RELATIONS are at breaking point between Windsor Football Club and the royal landlords of its stadium, the Crown Estate, with the club claiming it is now under threat.
The Crown Estate owns the Stag Meadow ground where Windsor play their games.
But chairman of the club, Kevin Stott, 59, who is also sole director of the company that runs it, has hit out over the state of its lease. Mr Stott founded Windsor Football Club in 2011, following the financial collapse of its predecessor Windsor and Eton Football Club.
He gave the Crown Estate evidence that the new club was financially sustainable.
But six years on the club is still on a short term lease.
Mr Stott said: “How can we be sustainable when we can be thrown out with just one month’s notice in the absence of a long term lease? At the same time we have to assume all the financial responsibility for maintaining the ground.
“The current situation also prevents us from obtaining any grants or long term investments, its totally unreasonable.”
He said the club’s continued existence was threatened.
But a spokesman from the Crown Estate put the blame at the club’s door, saying longer leases at both 10 and 20 years had been offered on two separate occasions but Mr Stott had not signed them.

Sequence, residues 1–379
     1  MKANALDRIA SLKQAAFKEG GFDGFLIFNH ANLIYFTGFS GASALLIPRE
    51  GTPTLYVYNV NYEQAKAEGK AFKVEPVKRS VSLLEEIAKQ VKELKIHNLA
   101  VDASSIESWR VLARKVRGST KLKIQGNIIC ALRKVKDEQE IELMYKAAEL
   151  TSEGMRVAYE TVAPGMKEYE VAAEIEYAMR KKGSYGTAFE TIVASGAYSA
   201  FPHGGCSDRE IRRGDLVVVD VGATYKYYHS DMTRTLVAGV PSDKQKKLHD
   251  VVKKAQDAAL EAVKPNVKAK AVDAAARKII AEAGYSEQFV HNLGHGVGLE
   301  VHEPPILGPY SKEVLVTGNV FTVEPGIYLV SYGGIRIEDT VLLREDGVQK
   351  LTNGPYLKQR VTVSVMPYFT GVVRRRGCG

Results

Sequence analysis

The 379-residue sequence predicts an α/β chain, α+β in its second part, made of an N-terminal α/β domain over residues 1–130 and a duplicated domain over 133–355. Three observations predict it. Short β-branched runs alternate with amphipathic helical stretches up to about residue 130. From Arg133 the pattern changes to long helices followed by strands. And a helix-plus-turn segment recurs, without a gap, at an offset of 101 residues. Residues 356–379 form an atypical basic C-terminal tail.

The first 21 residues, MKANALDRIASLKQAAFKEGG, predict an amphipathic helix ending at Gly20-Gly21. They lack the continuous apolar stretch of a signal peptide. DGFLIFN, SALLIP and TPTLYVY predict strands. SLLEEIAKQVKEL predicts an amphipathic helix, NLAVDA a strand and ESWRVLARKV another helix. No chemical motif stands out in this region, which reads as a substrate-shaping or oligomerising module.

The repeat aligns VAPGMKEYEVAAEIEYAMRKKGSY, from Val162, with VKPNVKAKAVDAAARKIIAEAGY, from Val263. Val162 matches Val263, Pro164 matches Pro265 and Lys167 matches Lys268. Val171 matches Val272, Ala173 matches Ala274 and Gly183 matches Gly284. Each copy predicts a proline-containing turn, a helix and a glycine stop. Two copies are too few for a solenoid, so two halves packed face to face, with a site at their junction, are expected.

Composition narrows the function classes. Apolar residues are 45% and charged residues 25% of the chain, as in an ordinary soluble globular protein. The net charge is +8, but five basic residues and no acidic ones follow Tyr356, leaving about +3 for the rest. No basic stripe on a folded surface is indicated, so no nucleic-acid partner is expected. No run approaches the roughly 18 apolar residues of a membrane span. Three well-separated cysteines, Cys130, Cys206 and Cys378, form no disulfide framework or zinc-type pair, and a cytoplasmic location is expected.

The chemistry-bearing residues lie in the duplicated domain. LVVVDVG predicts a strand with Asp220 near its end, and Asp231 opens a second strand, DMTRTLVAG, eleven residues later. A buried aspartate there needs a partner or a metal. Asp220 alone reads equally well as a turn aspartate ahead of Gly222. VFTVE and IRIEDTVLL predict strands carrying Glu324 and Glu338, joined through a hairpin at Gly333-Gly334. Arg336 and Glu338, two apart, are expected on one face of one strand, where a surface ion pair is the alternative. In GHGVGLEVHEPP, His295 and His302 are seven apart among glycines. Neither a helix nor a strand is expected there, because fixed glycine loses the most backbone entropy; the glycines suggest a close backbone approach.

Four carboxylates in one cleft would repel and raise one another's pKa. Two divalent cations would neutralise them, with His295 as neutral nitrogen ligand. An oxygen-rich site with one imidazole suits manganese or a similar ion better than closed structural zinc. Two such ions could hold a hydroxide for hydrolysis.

The spokesman said: “As the tenant has now been in arrears for over a year, we are not currently able to offer a longer term lease.”
But Mr Stott said: “There would have been no point in signing the earlier leases offered. It does not work. You have to have a 25 year lease before you can get any funding or investment from the Football Association.”
He said the back rent of £6,500 would be paid when a long term lease was forthcoming.
He responded to the Crown Estate’s claim that it only charged a concessionary rent, saying: “We pay a rent of £5,000 to them for the privilege of spending £40,000 to £60,000 maintaining the grounds.”
Mr Stott, a marketer who lived in Windsor for 25 years, said he started the club up again as a social enterprise and felt great loyalty to football in Windsor. despite having moved to Sussex.
He said: “We have 45 teams, for six to 16-year-olds, an under 18 team, an academy and of course our first team.
“I’m proud of that but I’m getting so frustrated.”